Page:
In the marketing world, the terms “brand ambassadors”, “brand advocates”, and “influencers” are often used interchangeably. However, there are a few distinctions between the three types of people. In this blog, we’ll define what a brand ambassador is, the similarities and differences between brand ambassadors, advocates, and influencers, and how brand ambassadors can help drive awareness for your brand.
To start, a brand ambassador is a paid person, often a customer or client but not always, who embodies and represents the core identity of the organization. Many brand ambassadors are hired because of their celebrity status or large networks, which companies leverage to connect with the wider public and enhance their visibility, brand awareness, and sales.
So, what is the difference between an ambassador, an advocate, and an influencer? A brand ambassador is different from a brand advocate in that advocates are generally unpaid, highly-satisfied customers who are self-driven to promote a company’s products. Ambassadors, while generally paid like influencers, are higher-visibility individuals who are meant to spread brand messages to the wider public, rather than just their personal networks.
Check out our graph below for a snapshot of the differences between brand ambassadors, brand advocates, and influencers.
Why do brands hire brand ambassadors? First, brand ambassadors usually have a large public following which brands are hoping to better market to. This means that brand ambassadors are often either celebrities or well-known experts in their respective industries or fields. Second, ambassadors help give brands a face, thereby increasing customer loyalty. Finally, brand ambassadors.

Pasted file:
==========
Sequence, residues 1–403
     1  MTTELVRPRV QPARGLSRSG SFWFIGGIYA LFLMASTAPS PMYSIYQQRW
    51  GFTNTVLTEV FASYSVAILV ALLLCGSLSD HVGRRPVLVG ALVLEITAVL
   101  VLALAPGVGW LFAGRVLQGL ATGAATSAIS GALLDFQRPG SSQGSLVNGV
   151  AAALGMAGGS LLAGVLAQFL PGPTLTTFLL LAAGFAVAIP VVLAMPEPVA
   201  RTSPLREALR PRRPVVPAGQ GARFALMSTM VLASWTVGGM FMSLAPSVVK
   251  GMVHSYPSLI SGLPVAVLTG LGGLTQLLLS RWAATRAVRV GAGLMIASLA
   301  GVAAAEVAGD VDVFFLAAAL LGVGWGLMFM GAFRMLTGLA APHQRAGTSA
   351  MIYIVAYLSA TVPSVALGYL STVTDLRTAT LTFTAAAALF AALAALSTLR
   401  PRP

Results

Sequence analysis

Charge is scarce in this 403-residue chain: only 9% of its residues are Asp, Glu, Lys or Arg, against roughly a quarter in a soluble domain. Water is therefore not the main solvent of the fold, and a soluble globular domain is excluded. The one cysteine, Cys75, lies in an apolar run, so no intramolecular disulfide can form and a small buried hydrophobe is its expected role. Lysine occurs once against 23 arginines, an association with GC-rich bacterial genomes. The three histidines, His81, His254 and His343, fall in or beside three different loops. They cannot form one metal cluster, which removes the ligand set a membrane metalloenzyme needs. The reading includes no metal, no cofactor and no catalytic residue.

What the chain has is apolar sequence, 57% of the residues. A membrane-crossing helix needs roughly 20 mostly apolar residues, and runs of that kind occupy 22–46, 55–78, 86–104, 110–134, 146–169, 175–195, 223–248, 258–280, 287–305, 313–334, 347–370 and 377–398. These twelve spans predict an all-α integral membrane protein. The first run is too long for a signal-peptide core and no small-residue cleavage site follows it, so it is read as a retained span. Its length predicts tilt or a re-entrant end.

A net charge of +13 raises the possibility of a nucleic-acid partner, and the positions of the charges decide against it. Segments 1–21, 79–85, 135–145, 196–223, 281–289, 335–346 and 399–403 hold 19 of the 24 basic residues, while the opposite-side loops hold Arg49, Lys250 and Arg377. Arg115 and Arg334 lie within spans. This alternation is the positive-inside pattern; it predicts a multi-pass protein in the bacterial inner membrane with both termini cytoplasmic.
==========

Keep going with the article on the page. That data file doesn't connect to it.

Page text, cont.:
In the past few decades, brands have been inking bigger and longer deals, including locking up their top ambassadors to lifetime commitments. Lebron James, who recently signed a lifetime deal with Nike for an undisclosed amount, is making far more money off the court than he ever will on it. Other notable and well-paid brand ambassadors include Beyoncé ($50 million deal with Pepsi), David Beckham ($150 million lifetime deal with Adidas), George Clooney ($5 million per year with Nespresso) and Catherine Zeta-Jones ($20 million deal with T-Mobile). For the most part, these ambassadors have avoided large publicity disasters, which dramatically increases their value to brands and has yielded multi-million dollar deals.
One of the dangers of working with ambassadors is that because they are hired to be the face of a brand, any personal trouble they experience can reflect poorly upon their organization. For instance, Jared Fogle’s recent legal troubles led Sudway to scrub all mention of him on their website and marketing materials, and Tiger Woods initially lost many of his brand ambassador contracts when his secret lifestyle was revealed. Because brand advocates and influencers aren’t generally understood as embodying the company they are promoting, there is less impact to companies when they experience similar personal issues. Before investing in a brand ambassador, it’s important to weigh the pros and cons of assigning so much power to one figure.
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